Recently, we reported on a study by researchers from the University of California Berkeley, which claimed that carbon credits generated from cookstoves largely overestimate the amount of CO2 emissions they avoid.
The claim is significant due to the vast share that cookstove carbon credits have in the global voluntary carbon market (VCM), which is roughly around 20%.
However, once the study was made public, a number of entities voiced their concerns with it, including Verra’s concerns with its fairness and Gold Standard’s comment on the lack of reflection of the VCM at large.
With the evident chasm between carbon credit opponents and proponents, we believed it best to also include the opinions of scientists, who believe cookstoves provide a number of benefits, including social, economic and environmental.
We interviewed Susanna Berkouwer, Assistant Professor of Business Economics & Public Policy at the Wharton School of the University of Pennsylvania, to learn what their cookstove research in Kenya has revealed.
Based on your research, what impact would you say the use of cookstoves has on climate?
We conducted a randomized controlled trial with 1,000 households in Nairobi to study the Jikokoa/ECOAchar cookstove (from manufacturer Burn). We collected five independent sources of data: Purple Air devices, charcoal ash weighing, high-frequency SMSes, in-person surveys, and phone surveys.
All confirm that buying a Jikokoa causes the buyer to use 40% less charcoal. Note that we are ambivalent about whether there is stacking: it is possible that some of the charcoal people purchase is used for their old stove. Any stacking would not affect our calculations in any way. What we care about is the total amount of charcoal used by a household, and that number goes down by 40%.
For the average user, a 40% reduction amounts to a reduction of 330 kg per year. Our calculations suggest that this causes a reduction of 3.5 tons of CO2 per year, in part because there has been significant deforestation in East Africa. If you want to be very conservative (optimistic) and assume that there is significant reforestation, then a more conservative calculation would suggest it causes a reduction of 1.75 tons of CO2 per year.
Because our study is a randomized controlled trial, we can calculate additionality very carefully. We know exactly how many people bought the stove without the subsidy (and therefore, among the people who did get a subsidy, how many people would have bought it anyway, even without a subsidy). We factor in these additionality rates when we do our calculations on the cost-effectiveness of cookstove subsidies.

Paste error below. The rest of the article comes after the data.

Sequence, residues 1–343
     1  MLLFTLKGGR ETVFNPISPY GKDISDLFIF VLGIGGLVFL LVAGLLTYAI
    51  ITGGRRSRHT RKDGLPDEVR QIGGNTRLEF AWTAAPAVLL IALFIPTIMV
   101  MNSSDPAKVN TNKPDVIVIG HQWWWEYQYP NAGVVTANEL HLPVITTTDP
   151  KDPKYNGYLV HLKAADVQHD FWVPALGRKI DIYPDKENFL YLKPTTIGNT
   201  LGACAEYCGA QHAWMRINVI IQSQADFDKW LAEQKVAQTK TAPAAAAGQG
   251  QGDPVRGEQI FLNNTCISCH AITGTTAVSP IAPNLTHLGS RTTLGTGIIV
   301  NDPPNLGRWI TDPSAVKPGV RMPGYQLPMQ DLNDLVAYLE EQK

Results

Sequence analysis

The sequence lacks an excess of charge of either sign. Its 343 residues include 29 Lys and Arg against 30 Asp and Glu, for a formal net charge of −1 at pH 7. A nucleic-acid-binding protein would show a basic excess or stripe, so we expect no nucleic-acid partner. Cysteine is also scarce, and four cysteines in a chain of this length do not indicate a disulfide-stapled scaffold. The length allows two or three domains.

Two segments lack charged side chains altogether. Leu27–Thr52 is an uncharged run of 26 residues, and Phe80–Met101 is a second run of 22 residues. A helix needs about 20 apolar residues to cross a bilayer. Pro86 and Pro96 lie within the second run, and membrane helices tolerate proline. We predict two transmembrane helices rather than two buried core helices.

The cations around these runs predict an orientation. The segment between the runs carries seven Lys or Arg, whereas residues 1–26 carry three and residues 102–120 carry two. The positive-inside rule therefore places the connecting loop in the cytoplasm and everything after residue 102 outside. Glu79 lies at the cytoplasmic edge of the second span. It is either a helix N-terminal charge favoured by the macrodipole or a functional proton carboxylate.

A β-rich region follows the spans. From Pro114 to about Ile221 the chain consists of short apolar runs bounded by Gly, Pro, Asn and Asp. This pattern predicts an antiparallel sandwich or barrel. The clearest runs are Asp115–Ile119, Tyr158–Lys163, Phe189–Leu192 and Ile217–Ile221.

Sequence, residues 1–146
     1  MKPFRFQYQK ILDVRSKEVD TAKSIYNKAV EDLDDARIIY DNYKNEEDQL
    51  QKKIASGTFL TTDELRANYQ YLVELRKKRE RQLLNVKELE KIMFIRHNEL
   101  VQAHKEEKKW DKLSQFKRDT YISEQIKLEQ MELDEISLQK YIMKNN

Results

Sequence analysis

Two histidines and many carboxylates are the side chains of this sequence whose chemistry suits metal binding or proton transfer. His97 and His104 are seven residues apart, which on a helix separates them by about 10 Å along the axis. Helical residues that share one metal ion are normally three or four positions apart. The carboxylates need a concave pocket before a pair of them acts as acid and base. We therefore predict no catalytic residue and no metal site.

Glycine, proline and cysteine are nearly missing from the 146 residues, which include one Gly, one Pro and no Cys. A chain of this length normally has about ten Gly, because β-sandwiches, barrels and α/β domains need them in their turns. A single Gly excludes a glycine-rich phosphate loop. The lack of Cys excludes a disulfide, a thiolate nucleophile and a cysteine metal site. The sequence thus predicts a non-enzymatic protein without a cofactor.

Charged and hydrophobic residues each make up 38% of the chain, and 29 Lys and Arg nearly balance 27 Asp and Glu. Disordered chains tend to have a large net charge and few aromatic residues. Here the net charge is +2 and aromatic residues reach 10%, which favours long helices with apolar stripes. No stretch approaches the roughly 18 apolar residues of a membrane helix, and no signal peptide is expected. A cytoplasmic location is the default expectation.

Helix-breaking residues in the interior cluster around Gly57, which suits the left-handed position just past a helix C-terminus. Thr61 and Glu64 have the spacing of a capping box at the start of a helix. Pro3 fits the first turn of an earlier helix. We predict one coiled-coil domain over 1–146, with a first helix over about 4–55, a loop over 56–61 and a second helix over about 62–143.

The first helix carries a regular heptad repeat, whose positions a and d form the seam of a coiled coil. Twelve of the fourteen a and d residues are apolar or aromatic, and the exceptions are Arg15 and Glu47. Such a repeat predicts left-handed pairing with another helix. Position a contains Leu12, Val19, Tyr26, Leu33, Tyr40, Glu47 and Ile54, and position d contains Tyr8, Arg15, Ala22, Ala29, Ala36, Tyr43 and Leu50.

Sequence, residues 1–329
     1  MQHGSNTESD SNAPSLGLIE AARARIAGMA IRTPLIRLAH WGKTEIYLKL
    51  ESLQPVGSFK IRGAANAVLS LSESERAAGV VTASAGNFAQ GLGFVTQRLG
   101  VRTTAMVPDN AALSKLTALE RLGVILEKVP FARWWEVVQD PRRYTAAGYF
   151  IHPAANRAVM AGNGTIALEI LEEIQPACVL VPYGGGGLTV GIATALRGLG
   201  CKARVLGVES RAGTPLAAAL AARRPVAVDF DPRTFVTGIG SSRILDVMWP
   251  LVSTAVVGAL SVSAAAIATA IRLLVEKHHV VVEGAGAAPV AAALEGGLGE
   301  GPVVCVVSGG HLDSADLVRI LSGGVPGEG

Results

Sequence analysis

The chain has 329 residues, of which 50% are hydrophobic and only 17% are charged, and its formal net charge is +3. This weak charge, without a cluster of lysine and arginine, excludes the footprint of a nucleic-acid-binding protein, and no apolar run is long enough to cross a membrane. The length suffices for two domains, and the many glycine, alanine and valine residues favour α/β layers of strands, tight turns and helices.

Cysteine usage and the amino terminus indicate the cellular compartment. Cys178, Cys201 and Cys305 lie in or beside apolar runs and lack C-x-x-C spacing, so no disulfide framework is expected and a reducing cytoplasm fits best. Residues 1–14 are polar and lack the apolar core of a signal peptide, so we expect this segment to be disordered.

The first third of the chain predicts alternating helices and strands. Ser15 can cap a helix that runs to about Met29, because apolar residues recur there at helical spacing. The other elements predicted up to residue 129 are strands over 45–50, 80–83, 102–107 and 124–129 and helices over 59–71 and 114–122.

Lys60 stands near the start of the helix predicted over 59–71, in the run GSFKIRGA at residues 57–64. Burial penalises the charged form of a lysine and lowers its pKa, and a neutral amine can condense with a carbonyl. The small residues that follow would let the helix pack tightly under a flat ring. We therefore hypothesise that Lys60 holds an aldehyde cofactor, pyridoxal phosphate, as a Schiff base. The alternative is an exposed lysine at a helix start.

In all, we find that subsidizing Burn’s charcoal cookstoves reduces emissions at a cost of between $4.90 – $9.80 (depending on the assumptions) per tCO2. This is *significantly* cheaper than almost any other technology available today (compare it with for example solar or EV subsidies, which are often hundreds of dollars or more).
Another way to put this is: for every $1 that the world spends reducing emissions, many more tons of CO2 will be reduced if we spend it on improved cookstoves than, say, on solar or EV subsidies.
What do you believe are the social and economic implications of cookstoves?
Charcoal is expensive. The 40% reduction in charcoal usage that we find in the randomized trial also allows people to save huge amounts of money that they normally spend buying charcoal. We find that the 40% reduction corresponds to on average $120 in fuel savings per year.
This is around one month of income for the average study participant. It’s truly a huge anti-poverty benefit. Most adopting households are very low-income families, who report that they use the additional cash savings for things like food, household products, or paying school fees.
Cookstoves already have a major share in the voluntary carbon market (VCM). Do you believe this space still has room to grow and why?
Yes. Billions of people across the world still use traditional cookstoves. I would look at the World Bank’s ‘The State of Access to Modern Energy Cooking Services’ report. As long as this continues to be the case, the scope for more people to adopt improved cookstoves will continue to be huge.
The recent University of California Berkeley study, which suggested cookstove carbon credits are largely flawed, caused a bit of a stir. Could you please comment on the findings of the study?
There are certainly many cookstoves that do not perform to the level that their carbon credits suggest. However, the UCB study omits several very rigorous academic studies, which indicate that there are stoves that do have major positive impacts, on par with the credits they receive.
Their article would have been much more accurate if they had said: “Many cookstoves are over-credited, but there are some that are high-quality and accurately credited. Conducting rigorous evaluations is important to help funnel funding towards the highest impact stoves.”
From your perspective, what can be done to improve MRVs for cookstove carbon credits?
Fund more rigorous independent evaluations! (Rather than relying on cookstove companies’ self-reported data).